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Free Content What is a blatte? Migration and ethnic identity in contemporary Sweden

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Abstract:

Contemporary Sweden is experiencing an interesting sociocultural phenomenon of redefinition of national identity as a result of the rise of awareness of the everyday reality of discrimination and segregation of first- and second-generation immigrants from the Middle East, North Africa and Africa.

My article examines the formation and manifestations of a new kind of collective consciousness of immigrants living in Sweden called blatte identity, defined by ethnic markers constructed by opposition to the nationalistic ideals of an ethnically pure Swedish identity. More specifically, my article examines the construction and affirmation of a special kind of blatte. identity, called a thought sultan (tankesultan). Briefly, a tankesuktan is a Swede of Arabic descent, proud of his Muslim background, and actively engaging in resisting the assimilative forces within Swedish society. The concept was coined by the author Jonas Hassen Khemiri in his debut novel entitled An Eye Red (Ett ga Rtt) published in 2003. My argument discusses the trajectory of the concept from the artistic and literary realm into public discourse through the help of mass media, as well as the relation to other terms in the official and public discourse, such as immigrant, black skull (svartskalle), or ethnic Swede (svenne). From being an individual marker of ethnic belonging to the community of Arabic-speaking, Muslim immigrants to Sweden, a thought sultan (tankesultan) is used as a common denominator for some of the members of the immigrant community living in Sweden who like to consider their marginal social status and their everyday life marked by ethnic and religious discrimination. An instance of such use can be found in the magazine Gringo that is distributed for free in Sweden's large urban areas, which made use of this concept as a categorizational tool of ethnic otherness for blattar, or immigrants, alongside other stereotyping concepts and images circulating in the public discourse of contemporary Sweden.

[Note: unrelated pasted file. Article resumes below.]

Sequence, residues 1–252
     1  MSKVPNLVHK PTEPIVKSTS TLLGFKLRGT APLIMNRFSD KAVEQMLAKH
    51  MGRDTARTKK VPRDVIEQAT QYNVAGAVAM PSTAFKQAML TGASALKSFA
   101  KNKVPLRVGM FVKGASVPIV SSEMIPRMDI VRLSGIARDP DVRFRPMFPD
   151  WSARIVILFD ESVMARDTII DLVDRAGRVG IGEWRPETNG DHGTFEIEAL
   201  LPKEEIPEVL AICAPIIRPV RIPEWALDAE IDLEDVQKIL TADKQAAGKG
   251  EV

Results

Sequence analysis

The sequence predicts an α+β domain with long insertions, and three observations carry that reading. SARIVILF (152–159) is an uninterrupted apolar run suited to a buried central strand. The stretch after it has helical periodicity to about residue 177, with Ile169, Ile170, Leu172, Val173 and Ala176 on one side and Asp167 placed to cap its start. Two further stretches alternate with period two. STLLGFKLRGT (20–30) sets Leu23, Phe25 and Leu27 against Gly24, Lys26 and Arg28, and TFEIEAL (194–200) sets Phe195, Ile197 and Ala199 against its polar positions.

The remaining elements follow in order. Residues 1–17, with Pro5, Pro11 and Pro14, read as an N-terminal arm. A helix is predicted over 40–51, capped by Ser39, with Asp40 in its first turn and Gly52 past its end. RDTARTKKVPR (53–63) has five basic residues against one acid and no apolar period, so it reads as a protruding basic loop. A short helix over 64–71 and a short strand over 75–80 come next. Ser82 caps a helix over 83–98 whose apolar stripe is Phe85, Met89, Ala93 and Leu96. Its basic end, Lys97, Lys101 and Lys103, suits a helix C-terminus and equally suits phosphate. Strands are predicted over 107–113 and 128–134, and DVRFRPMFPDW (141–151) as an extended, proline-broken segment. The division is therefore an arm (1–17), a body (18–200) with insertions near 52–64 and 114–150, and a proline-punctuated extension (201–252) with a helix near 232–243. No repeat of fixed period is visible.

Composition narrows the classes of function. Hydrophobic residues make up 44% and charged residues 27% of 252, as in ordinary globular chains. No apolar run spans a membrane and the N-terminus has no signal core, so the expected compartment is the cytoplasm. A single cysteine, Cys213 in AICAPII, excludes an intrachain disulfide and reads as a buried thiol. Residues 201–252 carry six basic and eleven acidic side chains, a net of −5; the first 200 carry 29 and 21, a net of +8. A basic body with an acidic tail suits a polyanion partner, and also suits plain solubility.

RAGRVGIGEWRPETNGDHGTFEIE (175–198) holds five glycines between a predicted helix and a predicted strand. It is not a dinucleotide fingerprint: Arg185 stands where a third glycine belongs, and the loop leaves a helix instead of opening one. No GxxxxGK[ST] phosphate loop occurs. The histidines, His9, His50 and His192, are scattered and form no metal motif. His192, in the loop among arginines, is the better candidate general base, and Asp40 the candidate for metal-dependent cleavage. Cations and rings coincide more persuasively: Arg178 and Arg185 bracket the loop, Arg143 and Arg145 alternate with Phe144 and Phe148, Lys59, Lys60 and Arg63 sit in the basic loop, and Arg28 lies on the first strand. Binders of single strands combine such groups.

Keywords: Arab world; Islam; Sweden; blatte; cultural expression; diaspora; ethnic identity; literature; mass media; migration

Document Type: Research Article

DOI: http://dx.doi.org/10.1386/jammr.1.1.79_1

Affiliations: University of Illinois at Urbana-Champaign.

Publication date: December 21, 2007

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  • The emergence of satellite TV, the internet and digital technology have dramatically changed the way audiences receive information and interact with the media. The sudden success of Al-Jazeera and other Arab broadcasters have altered the way the Arab world narrates itself and reports news from the region to the rest of the world. The journal aims to lead the debate about these emerging rapid changes in media and society in Arab and Muslim parts of the world.
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